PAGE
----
Sugar-crack and feisty birds

My family owns its fair share of pets that live inside, but besides all the house pets, there always seems to be animals that show up at my house or in the backyard. For instance, there’s a group of hummingbirds that have made a home at the Garcia residence.

My mom decided to invest in a hummingbird feeder. She’s always found them to be such cute, petite and harmless animals. Little did she know how vicious those little birds could be.

Hummingbirds are feisty little creatures – true story. It’s only a myth that they are timid.

Hummingbird feeder

After hanging the bird feeder in the backyard, we started to get a few hummingbirds coming back daily for more sugar-water.  There are about five regulars that live in my backyard who rapidly deplete the supply of food my mom puts out. She had to buy a second feeder to avoid overcrowding and to keep them well fed.

Mother had a bright idea to spike the feeder with extra sugar to “re-energize” these birds. Apparently they burn a million calories by flapping their tiny wings 50 to 90 times per second. I think it was her new concoction that inhibited the changes that soon commenced.

Tiny things always have an inferiority complex. The same goes with hummingbirds, or at least hummingbirds in groups. The smallest – and fattest – of the birds decided it wanted to be the head honcho and constantly babysit the two feeders. Every time another hummingbird came down to sip on that sugar-crack, the little guy would attack. Here he is:

The Head Honcho

Those little things use their sharp, pointy beaks as weapons and fly at each other in battle. They even do this to my dogs and the humans of the house if anyone gets too close.  “Sugar-crack” quickly became an understatement because it’s as if those birds fight for their drugs and make sure no one trespasses in their “barrio.”

On top of that, they are loud as hell! They are not discrete when the battles commence. They let the world hear all of their hummingbird fighting words.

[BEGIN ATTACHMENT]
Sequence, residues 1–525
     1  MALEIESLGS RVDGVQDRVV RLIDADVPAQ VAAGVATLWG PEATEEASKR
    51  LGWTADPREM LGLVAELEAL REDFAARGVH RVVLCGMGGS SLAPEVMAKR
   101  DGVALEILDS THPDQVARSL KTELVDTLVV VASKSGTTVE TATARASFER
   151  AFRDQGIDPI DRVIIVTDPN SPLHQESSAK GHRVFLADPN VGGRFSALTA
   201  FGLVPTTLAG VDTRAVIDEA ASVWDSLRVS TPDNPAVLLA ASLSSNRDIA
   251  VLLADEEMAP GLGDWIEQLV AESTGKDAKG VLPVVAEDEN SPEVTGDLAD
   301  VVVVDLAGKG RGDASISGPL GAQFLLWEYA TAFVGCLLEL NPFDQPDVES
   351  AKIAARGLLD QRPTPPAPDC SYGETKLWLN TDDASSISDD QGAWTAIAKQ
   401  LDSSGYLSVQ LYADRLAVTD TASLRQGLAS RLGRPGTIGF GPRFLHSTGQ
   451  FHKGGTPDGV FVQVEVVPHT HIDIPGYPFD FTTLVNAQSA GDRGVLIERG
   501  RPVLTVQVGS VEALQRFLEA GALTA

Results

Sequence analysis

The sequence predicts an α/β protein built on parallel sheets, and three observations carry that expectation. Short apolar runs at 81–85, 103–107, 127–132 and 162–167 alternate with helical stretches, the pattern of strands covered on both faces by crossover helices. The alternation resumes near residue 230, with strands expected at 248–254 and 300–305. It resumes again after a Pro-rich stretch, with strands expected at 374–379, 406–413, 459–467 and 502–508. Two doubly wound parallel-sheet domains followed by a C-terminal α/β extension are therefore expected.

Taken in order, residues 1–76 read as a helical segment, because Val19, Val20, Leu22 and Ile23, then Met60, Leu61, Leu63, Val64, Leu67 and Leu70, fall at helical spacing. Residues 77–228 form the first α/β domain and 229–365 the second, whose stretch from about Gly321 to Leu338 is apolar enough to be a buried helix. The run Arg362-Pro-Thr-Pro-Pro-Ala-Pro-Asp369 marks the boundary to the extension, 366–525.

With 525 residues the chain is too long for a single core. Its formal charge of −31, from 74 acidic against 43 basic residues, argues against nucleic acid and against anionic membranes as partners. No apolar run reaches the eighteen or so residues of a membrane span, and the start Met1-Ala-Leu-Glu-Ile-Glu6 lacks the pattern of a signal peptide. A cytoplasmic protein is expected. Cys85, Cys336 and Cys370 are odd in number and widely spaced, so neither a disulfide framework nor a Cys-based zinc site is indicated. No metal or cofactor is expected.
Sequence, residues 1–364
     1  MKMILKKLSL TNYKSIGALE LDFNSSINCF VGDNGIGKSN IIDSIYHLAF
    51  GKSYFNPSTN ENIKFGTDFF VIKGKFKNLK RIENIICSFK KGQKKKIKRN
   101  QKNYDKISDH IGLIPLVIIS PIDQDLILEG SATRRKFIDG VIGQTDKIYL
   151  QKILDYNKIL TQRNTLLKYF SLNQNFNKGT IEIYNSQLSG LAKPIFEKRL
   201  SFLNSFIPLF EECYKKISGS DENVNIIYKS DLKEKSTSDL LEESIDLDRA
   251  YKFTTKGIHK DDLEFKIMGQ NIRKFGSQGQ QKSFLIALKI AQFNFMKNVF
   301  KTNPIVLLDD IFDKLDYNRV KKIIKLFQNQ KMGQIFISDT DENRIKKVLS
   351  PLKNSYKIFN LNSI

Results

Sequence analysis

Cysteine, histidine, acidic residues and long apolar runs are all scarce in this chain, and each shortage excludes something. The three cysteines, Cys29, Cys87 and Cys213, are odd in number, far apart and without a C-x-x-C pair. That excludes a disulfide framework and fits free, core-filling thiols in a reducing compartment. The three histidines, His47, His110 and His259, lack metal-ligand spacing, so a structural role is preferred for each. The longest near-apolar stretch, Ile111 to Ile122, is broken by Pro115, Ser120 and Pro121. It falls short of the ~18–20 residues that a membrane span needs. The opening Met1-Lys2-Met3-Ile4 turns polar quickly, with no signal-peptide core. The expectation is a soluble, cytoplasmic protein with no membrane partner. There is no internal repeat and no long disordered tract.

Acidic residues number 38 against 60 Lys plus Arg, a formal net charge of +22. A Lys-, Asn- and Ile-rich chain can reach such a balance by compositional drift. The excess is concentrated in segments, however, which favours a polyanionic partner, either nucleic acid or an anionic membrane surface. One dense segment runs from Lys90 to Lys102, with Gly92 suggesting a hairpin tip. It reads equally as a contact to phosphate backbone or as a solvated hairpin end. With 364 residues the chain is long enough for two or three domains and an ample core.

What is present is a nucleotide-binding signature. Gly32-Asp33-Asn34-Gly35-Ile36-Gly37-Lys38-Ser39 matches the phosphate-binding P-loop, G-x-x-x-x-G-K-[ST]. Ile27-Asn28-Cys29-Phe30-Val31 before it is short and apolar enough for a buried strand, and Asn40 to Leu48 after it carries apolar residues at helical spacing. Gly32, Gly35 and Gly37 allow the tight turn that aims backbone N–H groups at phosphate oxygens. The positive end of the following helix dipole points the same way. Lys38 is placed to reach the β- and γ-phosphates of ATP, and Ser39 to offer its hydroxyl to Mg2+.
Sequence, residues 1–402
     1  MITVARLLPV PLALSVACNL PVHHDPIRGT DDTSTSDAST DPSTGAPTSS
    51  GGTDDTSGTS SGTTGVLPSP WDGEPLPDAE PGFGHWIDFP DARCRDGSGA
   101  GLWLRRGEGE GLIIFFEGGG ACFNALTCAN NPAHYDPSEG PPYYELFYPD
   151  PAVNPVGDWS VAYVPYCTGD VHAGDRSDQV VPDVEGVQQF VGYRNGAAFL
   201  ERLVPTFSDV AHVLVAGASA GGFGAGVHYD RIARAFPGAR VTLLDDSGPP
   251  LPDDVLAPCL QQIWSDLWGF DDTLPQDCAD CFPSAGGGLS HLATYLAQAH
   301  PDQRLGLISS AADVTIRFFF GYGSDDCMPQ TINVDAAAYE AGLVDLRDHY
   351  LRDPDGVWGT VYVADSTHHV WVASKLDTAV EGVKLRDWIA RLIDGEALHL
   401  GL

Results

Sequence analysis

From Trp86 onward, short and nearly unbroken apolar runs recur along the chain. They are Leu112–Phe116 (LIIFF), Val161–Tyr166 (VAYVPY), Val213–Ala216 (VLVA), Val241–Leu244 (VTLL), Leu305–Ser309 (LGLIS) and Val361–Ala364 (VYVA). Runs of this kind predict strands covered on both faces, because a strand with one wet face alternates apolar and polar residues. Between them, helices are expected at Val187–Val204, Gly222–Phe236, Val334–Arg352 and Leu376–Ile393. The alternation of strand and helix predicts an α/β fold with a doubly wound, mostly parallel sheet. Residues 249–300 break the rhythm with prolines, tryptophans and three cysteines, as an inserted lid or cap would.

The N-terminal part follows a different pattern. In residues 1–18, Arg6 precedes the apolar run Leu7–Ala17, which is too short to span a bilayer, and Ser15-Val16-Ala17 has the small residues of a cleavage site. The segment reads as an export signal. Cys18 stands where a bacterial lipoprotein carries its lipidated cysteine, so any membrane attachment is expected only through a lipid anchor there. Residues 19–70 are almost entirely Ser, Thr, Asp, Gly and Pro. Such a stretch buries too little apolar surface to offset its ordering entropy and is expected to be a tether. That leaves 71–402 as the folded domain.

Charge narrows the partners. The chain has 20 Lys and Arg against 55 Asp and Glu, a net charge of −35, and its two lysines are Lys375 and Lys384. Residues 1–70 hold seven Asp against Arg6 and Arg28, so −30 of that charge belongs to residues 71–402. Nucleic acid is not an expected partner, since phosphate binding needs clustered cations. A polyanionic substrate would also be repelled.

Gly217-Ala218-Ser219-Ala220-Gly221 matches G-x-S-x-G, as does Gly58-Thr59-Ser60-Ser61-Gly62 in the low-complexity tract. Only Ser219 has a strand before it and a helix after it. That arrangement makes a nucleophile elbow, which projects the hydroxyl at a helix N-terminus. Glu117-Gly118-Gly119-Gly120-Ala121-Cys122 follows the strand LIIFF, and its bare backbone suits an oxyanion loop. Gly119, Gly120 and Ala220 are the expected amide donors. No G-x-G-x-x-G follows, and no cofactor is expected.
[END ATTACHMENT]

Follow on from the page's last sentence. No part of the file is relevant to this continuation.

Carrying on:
Since the little guy wasn’t letting anyone take a drink, my mom moved the two feeders about eight feet away from each other down the fence. Of course, this was not a problem for the runt of the group. Mister feisty decided his new thing would be to sit on the fence right smack in the middle of the two feeders and guard them with his life. If someone went to one feeder, he’d handle that bird and go back to his post. This went on for days.

One day, some of the other hummingbirds got smart and decided to double-team the little one. Their strategy was to each go to a different feeder at the same time so the little guy couldn’t handle both feeders. They’d tire him out by flying back and forth between the two and have little battles. After a while, enough was enough. Two of the hummingbirds decided to take their fight up in the air out of sight. All we could hear were the loud, high-pitch chirping/yelling of the battle.

Next thing we knew, the little one was nowhere to be found and the other two were back to happily drinking their sugar-crack. Soon, however, the little guy appeared back at his post between the two feeders, except this time, his feathers were all jacked up and he was twitching! The other birds kept on drinking and the little guy just sat and watched in agony.

I learned pretty quickly not to mess with hummingbirds. They can be super territorial, but I’ll admit that it’s pretty amazing watching them at work. Apparently there are ways to play with hummingbirds using a water hose. I don’t know if I’ll be trying that one anytime soon, but someone should give it a shot.

After researching some basic facts about hummingbirds, I quickly found out that they suffer from habitat destruction. There are a bunch of conservation efforts out there that I was not aware of. For instance, the World Wildlife Fund has an Adopt a Hummingbird  program to help raise money and awareness. Here is another list of programs and organizations that are fighting for the survival of these amazing, yet feisty little birds.


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